According to a recent study from Canada, small businesses with more than ten employees spend two hours a week searching for documents. The cost? $5,760 every year. Most small businesses eventually reach a point where they need to start thinking about better document management. But document management is just as important to a small business as it is to a large corporation. It can help small businesses become more organized, more efficient, and ultimately more profitable.
What is the document management lifecycle, and how is it different for small businesses vs large businesses?
Document management is the process of managing, storing, and retrieving digital and physical documents. The document management lifecycle is the set of steps that a document goes through from creation to disposal. In large businesses, a document management lifecycle is usually more formal. For example, there are usually dedicated teams, such as the records management department, that are responsible for managing and storing documents. In small businesses, document management is usually more informal. There is usually no dedicated team and little protocol. This means that small businesses often struggle with document management.
Why should small businesses use documentation management software at all?
Contrary to what you might think, documentation management isn’t just for large companies. Document management software provides a number of benefits to smaller businesses as well. Here are just a few examples of the benefits:
1) A small business can become more organized and more efficient, retrieving the right document at the right time.
2) A small business can save money by never missing a contract renewal.
3) A small business can reduce the risk of losing important documents.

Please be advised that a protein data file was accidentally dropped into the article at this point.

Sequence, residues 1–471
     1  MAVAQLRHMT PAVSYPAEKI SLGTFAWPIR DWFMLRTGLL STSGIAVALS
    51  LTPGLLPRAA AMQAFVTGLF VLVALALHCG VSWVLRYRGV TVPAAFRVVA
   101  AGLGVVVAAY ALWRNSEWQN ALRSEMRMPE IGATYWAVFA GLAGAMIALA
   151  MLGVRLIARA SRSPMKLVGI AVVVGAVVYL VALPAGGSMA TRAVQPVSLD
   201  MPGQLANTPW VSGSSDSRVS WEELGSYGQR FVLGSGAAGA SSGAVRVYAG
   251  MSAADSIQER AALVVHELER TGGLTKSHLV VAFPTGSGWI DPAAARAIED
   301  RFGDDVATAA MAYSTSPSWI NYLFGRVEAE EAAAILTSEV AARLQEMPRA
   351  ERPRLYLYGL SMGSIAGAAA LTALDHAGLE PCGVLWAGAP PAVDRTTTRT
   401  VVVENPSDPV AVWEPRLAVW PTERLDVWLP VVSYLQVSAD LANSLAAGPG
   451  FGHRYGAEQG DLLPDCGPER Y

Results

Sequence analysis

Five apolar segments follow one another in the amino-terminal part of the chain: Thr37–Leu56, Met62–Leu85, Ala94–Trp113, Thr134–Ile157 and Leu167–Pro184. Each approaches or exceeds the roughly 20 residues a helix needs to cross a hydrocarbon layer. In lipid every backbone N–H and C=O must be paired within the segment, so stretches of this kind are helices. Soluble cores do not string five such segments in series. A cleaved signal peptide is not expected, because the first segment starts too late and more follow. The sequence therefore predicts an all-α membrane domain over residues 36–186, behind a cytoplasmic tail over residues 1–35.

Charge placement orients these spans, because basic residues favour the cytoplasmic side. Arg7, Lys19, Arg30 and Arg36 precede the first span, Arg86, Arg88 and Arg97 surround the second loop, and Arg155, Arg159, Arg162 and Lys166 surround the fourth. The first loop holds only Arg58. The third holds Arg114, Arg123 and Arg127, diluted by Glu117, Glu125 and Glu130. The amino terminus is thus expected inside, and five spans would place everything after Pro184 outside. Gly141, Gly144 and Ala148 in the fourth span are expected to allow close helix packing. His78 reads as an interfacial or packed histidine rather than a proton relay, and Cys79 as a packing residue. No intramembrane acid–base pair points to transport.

4) A small business can become more secure by restricting access to documents.
5) A small business can save money (and the environment) by using less paper and less storage space.
Steps to build a better document management process for SMBs
There are a few different steps that small businesses need to take in order to start thinking about document management. The first step is to think about what documents they currently manage. This will give them a good idea of how much work there is to be done. The second step involves considering what they want to do with their documents in the future. Document management is a long-term process; you can’t just set it up and forget about it. The third step involves choosing a document management tool, picking a document management strategy, and setting up the system. These steps are discussed in more detail below.
One of the most important steps for small businesses to take when planning document management is to think about the documents they currently manage. The first step is to go through and figure out what documents they currently have. This may sound like a daunting task at first, but it’s actually fairly easy. Just start with the files on your computer, and then think about what’s in the filing cabinet. After that, look at the documents on your network. Once you’ve done that, and you’ve found everything, evaluate the documents. Think about which ones you need to keep, which ones can be thrown away, and which ones can be scanned into electronic documents.
The second step for small businesses to take when planning document management is to think about what they want to do with their documents in the future. This is an important step because it will help them figure out what tools they’ll need. For example, if they want to be able to edit documents in the future, then they’ll need a tool that supports that functionality. If they want to share documents easily with other people, then they’ll need to choose a tool that supports that functionality. When they think about the future, they should also think about how they’ll be using the documents. For example, they should think about whether they’ll be using them for quick reference, long-term storage, or collaboration.